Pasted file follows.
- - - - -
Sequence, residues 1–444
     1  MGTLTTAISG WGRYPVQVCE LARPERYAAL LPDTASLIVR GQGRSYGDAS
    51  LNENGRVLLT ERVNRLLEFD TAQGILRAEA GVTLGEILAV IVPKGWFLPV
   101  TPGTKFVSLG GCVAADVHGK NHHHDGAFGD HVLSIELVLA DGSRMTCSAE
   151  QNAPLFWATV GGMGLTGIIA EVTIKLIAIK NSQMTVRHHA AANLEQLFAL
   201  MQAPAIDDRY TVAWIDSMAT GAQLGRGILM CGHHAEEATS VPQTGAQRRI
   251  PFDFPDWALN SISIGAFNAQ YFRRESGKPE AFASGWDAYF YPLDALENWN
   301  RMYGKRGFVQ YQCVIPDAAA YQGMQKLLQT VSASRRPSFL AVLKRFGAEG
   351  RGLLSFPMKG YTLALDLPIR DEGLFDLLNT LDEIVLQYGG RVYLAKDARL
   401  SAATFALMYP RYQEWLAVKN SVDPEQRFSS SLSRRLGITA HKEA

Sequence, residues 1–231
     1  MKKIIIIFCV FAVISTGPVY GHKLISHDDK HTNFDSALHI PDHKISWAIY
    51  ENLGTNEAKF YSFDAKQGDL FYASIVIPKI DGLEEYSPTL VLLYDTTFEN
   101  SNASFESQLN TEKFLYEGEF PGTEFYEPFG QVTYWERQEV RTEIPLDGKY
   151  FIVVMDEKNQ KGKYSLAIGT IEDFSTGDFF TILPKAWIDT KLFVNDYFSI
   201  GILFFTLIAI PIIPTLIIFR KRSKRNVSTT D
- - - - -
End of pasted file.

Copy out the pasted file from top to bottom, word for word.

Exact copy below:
Sequence, residues 1–444
     1  MGTLTTAISG WGRYPVQVCE LARPERYAAL LPDTASLIVR GQGRSYGDAS
    51  LNENGRVLLT ERVNRLLEFD TAQGILRAEA GVTLGEILAV IVPKGWFLPV
   101  TPGTKFVSLG GCVAADVHGK NHHHDGAFGD HVLSIELVLA DGSRMTCSAE
   151  QNAPLFWATV GGMGLTGIIA EVTIKLIAIK NSQMTVRHHA AANLEQLFAL
   201  MQAPAIDDRY TVAWIDSMAT GAQLGRGILM CGHHAEEATS VPQTGAQRRI
   251  PFDFPDWALN SISIGAFNAQ YFRRESGKPE AFASGWDAYF YPLDALENWN
   301  RMYGKRGFVQ YQCVIPDAAA YQGMQKLLQT VSASRRPSFL AVLKRFGAEG
   351  RGLLSFPMKG YTLALDLPIR DEGLFDLLNT LDEIVLQYGG RVYLAKDARL
   401  SAATFALMYP RYQEWLAVKN SVDPEQRFSS SLSRRLGITA HKEA

Sequence, residues 1–231
     1  MKKIIIIFCV FAVISTGPVY GHKLISHDDK HTNFDSALHI PDHKISWAIY
    51  ENLGTNEAKF YSFDAKQGDL FYASIVIPKI DGLEEYSPTL VLLYDTTFEN
   101  SNASFESQLN TEKFLYEGEF PGTEFYEPFG QVTYWERQEV RTEIPLDGKY
   151  FIVVMDEKNQ KGKYSLAIGT IEDFSTGDFF TILPKAWIDT KLFVNDYFSI
   201  GILFFTLIAI PIIPTLIIFR KRSKRNVSTT D